Affordable Housing Bond – Update by John Elizalde

Last November Portlanders agreed to give the city of Portland the authority to sell general obligation bonds in order to build housing affordable to people earning up to 60% of the average median income for the Portland area. The bonds authorized were $258 millions dollars and included an amount for administration. That’s a ton of money to this writer. However, projections at the time were that only 1,300 homes could be build with this amount. Since then construction, labor and material costs have continued to rise as the housing boom lingers (and now the national housing industry will be responding to Hurricanes Harvey and Irma and the related destruction). The voter approved measure also called for a citizen oversight committee to assure that the bond funds are invested in housing that will meet the needs of struggling Portlanders. It is important that the bond can only be used for housing that will be owned by the city. Hence, public values will be made manifest by the use of the bonds. The city housing bureau created a ‘stakeholder group’ to create a policy framework for bureau and oversight committee to use when making investment decisions. (The Interfaith Alliance on Poverty Advocacy work group will follow the oversight committee work.)

The draft framework hit the streets for public review on August 18 and the comment period closed on September 23. The Interfaith Alliance on Poverty Advocacy work group had been attending stakeholder group meetings and following the development of the draft policy framework. We submitted comments.

The framework does a good job of describing the demographic groups that should receive priority housing; generally these will be folk who haven’t been targeted for such housing and have suffered the consequences of racism and exclusion. High priority locations are called out in the framework so housing will go near where people live now or at least so as to avoid displacement or in school areas where children move in and out too frequently for their educational needs. Not surprising there are tradeoffs in these objectives and the framework is designed to allow explicit decisions about location, demographics, displacement, etc rather than leave decisions to a random process.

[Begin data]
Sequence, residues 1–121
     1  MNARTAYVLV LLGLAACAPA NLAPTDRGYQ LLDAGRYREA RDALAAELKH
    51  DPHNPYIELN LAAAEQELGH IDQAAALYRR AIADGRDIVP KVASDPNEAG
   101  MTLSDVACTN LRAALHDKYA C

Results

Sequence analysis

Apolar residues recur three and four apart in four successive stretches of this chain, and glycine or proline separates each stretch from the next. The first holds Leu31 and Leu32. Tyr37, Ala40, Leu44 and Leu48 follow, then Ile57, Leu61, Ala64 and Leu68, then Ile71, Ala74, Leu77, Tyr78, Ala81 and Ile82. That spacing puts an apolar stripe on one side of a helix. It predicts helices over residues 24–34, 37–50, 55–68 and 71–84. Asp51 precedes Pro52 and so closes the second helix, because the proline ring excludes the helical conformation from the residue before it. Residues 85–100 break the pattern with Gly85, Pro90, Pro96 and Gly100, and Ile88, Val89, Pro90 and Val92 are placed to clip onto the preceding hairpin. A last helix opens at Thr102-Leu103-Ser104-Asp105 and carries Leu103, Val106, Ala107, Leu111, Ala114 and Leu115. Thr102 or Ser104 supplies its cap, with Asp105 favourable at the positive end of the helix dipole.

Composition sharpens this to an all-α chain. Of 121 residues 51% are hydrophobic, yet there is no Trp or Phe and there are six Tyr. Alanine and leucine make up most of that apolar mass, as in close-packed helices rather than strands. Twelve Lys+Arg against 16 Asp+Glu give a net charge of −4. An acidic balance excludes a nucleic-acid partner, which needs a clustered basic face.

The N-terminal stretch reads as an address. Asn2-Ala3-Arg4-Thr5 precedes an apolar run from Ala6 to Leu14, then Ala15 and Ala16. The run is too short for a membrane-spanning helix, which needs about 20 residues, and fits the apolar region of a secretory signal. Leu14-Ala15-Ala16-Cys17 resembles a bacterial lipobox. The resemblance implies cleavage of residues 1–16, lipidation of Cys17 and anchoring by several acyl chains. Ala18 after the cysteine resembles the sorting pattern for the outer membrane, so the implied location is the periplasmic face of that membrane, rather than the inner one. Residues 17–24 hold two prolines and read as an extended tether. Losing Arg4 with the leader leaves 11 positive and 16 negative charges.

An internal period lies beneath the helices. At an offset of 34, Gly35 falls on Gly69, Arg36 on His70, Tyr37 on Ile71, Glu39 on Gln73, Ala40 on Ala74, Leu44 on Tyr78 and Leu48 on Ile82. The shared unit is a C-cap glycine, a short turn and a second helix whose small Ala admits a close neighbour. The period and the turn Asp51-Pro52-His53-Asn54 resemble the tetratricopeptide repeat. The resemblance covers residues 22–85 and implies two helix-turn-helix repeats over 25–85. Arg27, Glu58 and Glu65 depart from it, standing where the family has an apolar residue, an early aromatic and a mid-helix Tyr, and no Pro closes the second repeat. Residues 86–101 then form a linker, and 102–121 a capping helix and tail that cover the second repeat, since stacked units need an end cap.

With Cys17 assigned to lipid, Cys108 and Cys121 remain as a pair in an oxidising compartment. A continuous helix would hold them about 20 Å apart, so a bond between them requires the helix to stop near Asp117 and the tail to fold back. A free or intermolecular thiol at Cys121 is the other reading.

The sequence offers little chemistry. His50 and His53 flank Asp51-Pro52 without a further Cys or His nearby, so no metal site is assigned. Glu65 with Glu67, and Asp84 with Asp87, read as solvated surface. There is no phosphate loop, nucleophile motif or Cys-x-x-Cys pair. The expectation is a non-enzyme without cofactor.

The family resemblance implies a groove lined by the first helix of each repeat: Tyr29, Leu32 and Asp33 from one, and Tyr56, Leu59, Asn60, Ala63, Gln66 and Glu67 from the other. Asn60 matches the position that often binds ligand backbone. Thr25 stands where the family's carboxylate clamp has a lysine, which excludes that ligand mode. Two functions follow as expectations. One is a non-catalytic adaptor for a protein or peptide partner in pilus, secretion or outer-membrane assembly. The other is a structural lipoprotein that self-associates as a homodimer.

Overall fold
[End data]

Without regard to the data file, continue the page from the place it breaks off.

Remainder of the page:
The Interfaith Alliance on Poverty comments focused on costs that seemed to get short shrift in the draft. We thought there needed to be site specific criteria for cost based decisions; there is no mention of site specific cost analysis in the draft. We are concerned about the city’s ability to meet the goals for the bond funds: 1,300 total units, 650 units for family size units (2 or 3 bedroom), 600 units deeply affordable for incomes up to 30 AMI.

The policy calls for 300 units to receive significant services for residents but it was unclear whether bond funds could be used for construction of facilities for such administrative work. And, it was unclear as to the use of the rents collected for the units. Portland property owners will pay of the housing bonds but we don’t know where the rents do and what sort of oversight there will be of those funds.

Lastly our comments addressed the idea of the bond funds being used to buy land. We are concerned that construction costs may make new construction difficult given the cost constraints of the bond. So purchasing land and allowing other developers to build affordable housing on that land using other funding could stretch bond dollars. The draft policy didn’t address this.

In general, we found the process used to create the framework to be inclusive, open and thorough (and slow, very slow). Sometimes intensive public involvement is a time consuming task. Keep in mind the vote on the bonds was November 8, 2016 and the framework will go the city council for their consideration 368 days later. And, this is in the middle of a housing crisis.

Of course, realistically the bond fund housing will make but a small contribution to solving the housing crisis. The city needs some 20,000 affordable units for struggling families. The wheels of progress move slowly but at least for the housing bond they are moving.

Find the draft policy framework here:  For a copy of the Interfaith Alliance on Poverty comments write to

John Elizalde, Advocacy Workgroup